Much of John Richardson’s professional life has been devoted to making messages first catalyzed by the Club of Rome: “limits to growth;” threats of “overshoot/collapse” and goals of resilient, sustainable development accessible in diverse formats, to diverse audiences and in diverse settings throughout the world. This remains his overarching life priority.
He is Professor Emeritus of International Development, School of International Service, Washington DC. From Fall 2010-June 2017 he was Visiting Professor at the Lee Kuan Yew School Policy, National University of Singapore (NUS). He concluded his affiliation with NUS in order to focus exclusively on research, writing and public policy consulting. As a consultant to the Singapore Government, he developed a training program in public policy applications of System Dynamics modeling for staff members, Population and Talent Division, Office of the Prime Minister. In Fall 2014, he became Visiting Professor, Director of Outreach and Faculty Resident Fellow of a newly created Residential College at the National University of Singapore, focused on systems thinking for sustainable, resilient development and System Dynamics modeling. Among earlier public policy oriented projects, he consulted with members of President Carter’s staff on possible follow-ups to the Global 2000 Report to the President in an envisioned Carter second-term. In 2013 he was the third recipient of the System Dynamics Society’s lifetime achievement award.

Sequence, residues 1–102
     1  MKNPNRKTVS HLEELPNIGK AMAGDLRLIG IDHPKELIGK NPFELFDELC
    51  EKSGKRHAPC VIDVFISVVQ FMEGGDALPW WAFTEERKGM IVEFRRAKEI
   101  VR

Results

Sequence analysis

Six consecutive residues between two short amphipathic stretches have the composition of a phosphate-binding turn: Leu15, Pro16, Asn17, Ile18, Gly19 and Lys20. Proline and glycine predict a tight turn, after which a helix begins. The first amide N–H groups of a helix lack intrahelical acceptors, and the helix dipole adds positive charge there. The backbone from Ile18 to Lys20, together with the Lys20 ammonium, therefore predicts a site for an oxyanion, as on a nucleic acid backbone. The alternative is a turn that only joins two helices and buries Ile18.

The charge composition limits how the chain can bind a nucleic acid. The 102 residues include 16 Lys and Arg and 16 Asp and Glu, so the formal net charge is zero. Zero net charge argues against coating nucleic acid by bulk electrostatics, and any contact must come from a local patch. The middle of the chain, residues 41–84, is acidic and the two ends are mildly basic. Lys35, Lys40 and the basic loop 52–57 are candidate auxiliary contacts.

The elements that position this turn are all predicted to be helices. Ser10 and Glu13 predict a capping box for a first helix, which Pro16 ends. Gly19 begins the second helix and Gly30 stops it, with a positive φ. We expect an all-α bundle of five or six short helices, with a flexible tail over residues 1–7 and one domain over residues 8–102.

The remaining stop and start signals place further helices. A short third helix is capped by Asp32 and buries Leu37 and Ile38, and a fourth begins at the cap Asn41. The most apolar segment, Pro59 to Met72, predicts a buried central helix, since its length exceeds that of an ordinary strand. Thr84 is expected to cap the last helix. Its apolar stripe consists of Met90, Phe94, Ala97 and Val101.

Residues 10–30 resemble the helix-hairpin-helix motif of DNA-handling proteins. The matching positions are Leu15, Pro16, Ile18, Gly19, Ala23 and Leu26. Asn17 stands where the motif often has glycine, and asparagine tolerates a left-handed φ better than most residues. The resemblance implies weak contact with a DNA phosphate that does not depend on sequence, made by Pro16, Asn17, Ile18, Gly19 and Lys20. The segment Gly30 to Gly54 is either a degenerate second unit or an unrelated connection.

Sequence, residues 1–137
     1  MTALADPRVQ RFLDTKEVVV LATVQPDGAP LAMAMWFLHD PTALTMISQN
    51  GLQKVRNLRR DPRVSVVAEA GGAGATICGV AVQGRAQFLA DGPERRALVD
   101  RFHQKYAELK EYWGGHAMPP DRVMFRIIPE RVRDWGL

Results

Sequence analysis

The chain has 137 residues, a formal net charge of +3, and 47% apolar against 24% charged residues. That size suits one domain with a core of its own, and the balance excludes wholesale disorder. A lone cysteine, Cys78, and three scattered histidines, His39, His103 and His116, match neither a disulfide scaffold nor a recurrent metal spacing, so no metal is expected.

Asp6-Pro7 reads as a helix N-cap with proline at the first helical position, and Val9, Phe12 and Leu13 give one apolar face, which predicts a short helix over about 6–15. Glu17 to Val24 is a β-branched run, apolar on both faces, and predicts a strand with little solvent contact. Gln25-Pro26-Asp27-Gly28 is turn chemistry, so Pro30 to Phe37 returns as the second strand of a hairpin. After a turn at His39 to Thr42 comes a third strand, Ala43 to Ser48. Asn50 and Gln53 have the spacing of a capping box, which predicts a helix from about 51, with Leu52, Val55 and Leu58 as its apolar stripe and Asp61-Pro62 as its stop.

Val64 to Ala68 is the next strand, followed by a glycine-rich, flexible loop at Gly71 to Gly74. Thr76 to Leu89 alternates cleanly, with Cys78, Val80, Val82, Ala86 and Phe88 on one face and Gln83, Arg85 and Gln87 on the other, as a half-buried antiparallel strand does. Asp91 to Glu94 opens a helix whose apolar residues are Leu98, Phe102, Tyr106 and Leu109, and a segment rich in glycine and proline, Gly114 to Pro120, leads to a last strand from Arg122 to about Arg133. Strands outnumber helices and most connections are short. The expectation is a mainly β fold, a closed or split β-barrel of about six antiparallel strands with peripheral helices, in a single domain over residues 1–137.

Books he has authored, co-authored or resulted from collaborative projects provide a good profile of his work focused on envisioning, systems thinking for sustainable resilient development, and System Dynamics Modeling applied to public policy across a spectrum of public policy issues. Among the titles are: Groping in the Dark: The First Decade of Global Modeling (with Donella Meadows and Gerhart Bruckmann – 1982), Making it Happen: A Positive Guide to the Future (ed. & with U.S. Association for the Club of Rome members – 1982) Ending Hunger: An Idea Whose Time Has Come (with Donella Meadows, Elizabeth Neeld and others (1985), Paradise Poisoned: Learning about Terrorism, Conflict and Development from Sri Lanka’s Civil Wars (2005). A recent paper published in the Lee Kuan Yew School of Public Policy’s 10th Anniversary Volume, Governing Asia: Reflections on a Research Journey (2015), highlights his present research agenda. It poses the question: “what lessons about sustainable, resilient development and well-being could Singapore offer to a human species that is sorely in need of such lessons?”